I Want it My Way: Power of Attorney Can Help

On a good day, I wonder if my family hears what I say or if all they hear is "blah, blah, blah!" However, when I talk about what I want to happen if I'm in an accident, hospitalized or die, I'm SURE some of my family completely blocks my words. That's why I think it's so important that I write down how I want my health and my property handled if I can't talk for myself.

Luckily, we have legal documents that we can use to communicate our wishes. Writing down what's important to us helps:

  • communicate exactly what we want, and
  • reminds people of our wishes in stressful times.

It means that difficult decisions do not have to be introduced and made when we're stressed. We can think through these decisions before events occur and likely end up with better decisions. It's challenging to make good decisions during emotional times.

Two commonly used legal documents are power of attorney – of property and of health care. A durable power of attorney for property allows you to designate another person to handle and make decisions about your finances including investments, bank accounts, property, and any other money management tasks like paying bills. With a power of attorney for property, you can set boundaries for how specific or broad it is. Choose this individual or agent very carefully. Think about someone you can trust implicitly with your money and is knowledgeable about finances.

When you establish a power of attorney for yourself, then you get to choose who this person is rather than needing a court-appointed attorney, assuming the need arises. You can change or cancel power of attorney powers if you want to in the future.

You can also choose to have a power of attorney for health care. The person who you designate as your power of attorney can make medical decisions for you if you are unable to do so. We often think only someone elderly needs this kind of document but accidents can happen to anyone. Young people can be unable to make a decision due to pain medication just as older people can be unable to speak for themselves in this situation.

Another health-related, legal document to be aware of is the Do-Not-Resuscitate (DNR)/Practitioner Orders for Life-Sustaining Treatment (POLST) Form. This document is relatively new and expands upon the DNR that you may have heard of before. As stated on the Illinois POLST form, you complete this form given your current state of health, and allows you to state your wishes about CPR, other medical interventions and medically administered food (including feeding tubes) given different situations. You may be asked to sign this document if you need surgery or are admitted to a hospital.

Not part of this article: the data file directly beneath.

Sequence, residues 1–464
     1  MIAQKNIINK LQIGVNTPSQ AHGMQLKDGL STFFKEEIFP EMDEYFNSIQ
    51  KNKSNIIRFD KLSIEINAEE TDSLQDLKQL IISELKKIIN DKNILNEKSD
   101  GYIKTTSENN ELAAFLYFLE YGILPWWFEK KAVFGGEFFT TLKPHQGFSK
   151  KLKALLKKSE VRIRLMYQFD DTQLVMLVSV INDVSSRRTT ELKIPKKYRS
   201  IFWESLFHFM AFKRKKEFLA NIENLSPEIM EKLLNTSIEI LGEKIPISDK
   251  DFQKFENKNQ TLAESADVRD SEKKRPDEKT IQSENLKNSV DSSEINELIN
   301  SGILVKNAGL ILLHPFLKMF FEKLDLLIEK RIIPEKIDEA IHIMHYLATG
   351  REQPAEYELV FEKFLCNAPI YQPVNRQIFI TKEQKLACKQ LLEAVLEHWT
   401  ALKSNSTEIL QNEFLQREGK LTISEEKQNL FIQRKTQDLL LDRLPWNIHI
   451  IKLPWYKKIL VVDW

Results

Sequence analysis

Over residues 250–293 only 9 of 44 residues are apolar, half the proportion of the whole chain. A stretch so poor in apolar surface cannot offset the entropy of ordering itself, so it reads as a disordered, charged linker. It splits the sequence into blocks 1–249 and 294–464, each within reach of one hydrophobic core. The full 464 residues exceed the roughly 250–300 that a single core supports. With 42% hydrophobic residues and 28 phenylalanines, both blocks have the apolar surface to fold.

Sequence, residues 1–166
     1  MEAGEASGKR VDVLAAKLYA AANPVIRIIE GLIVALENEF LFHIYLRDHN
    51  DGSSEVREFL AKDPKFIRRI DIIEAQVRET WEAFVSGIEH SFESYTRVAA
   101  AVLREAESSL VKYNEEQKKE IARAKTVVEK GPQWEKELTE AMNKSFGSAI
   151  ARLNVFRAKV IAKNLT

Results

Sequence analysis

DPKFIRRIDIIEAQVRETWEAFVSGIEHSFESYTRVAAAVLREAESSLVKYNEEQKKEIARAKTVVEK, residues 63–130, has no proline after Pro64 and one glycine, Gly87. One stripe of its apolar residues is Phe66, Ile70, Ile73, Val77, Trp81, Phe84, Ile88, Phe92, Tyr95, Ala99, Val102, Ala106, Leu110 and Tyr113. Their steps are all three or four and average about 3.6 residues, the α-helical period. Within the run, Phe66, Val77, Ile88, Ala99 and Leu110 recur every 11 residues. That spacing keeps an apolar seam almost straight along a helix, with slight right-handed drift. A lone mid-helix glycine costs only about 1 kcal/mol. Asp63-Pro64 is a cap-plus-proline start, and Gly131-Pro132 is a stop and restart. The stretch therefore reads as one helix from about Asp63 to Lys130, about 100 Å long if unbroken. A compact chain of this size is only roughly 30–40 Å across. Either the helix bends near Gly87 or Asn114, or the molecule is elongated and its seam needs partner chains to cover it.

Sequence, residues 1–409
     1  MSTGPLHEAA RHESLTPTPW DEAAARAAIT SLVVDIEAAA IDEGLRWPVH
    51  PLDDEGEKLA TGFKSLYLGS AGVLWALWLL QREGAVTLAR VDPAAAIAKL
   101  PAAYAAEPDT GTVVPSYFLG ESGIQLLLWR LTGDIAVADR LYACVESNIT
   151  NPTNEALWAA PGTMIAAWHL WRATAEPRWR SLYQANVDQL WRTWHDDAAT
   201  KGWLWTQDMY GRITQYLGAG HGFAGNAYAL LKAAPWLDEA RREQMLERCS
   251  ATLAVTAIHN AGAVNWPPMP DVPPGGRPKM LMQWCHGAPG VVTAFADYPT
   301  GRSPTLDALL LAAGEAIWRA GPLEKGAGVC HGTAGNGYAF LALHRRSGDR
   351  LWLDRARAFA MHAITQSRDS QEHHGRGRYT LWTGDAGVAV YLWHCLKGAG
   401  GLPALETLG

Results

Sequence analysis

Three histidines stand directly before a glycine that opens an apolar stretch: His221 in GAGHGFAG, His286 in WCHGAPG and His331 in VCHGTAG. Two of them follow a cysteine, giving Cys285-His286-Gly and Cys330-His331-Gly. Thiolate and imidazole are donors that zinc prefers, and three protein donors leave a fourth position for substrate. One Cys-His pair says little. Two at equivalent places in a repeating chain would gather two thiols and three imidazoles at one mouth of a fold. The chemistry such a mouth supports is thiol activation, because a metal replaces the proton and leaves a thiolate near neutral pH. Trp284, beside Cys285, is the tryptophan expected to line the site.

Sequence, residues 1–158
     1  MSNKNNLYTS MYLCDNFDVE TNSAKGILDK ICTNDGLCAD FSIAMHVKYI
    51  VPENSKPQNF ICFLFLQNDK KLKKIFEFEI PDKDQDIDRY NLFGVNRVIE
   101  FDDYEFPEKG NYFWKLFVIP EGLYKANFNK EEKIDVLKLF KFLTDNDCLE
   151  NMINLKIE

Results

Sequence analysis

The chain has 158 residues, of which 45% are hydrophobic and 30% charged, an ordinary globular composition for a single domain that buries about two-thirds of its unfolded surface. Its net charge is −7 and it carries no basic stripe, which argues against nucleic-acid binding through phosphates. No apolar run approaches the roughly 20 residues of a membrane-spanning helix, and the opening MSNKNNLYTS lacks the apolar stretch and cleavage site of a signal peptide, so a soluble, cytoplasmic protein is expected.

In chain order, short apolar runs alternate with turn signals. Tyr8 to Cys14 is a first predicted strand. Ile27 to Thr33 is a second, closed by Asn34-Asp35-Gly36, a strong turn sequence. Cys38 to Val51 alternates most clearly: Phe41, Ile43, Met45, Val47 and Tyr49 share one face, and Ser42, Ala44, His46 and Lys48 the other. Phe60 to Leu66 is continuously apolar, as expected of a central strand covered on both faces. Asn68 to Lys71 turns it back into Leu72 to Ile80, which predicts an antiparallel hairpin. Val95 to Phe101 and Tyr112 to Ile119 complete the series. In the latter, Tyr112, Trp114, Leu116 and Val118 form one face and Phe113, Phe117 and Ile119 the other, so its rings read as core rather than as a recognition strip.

To see examples of health care advance directives go to the Illinois Department of Public Health website.

This discussion is not legal advice. I strongly encourage people to talk to a lawyer. Lawyers ask questions, consider people's complete situation, and can then recommend the most suitable documents to meet needs. Another legal document to ask about is a will. A will states who will receive your property if you die. In addition, you can name who you'd like to be the guardian of your children.

Ninety percent of people say that talking with their loved ones about end-life-care is important. However, only 27% have actually done so, according to The Conversation Project. The Conversation Project has a Conversations Starter Kit that may be helpful to you.

These conversations can be very challenging. Talking about your wishes – and writing them down – can help reduce the likelihood of loved ones feeling burdened or guilty, and reduce family conflict. To help you start your planning, you can download a free Action Plan from University of Illinois Extension.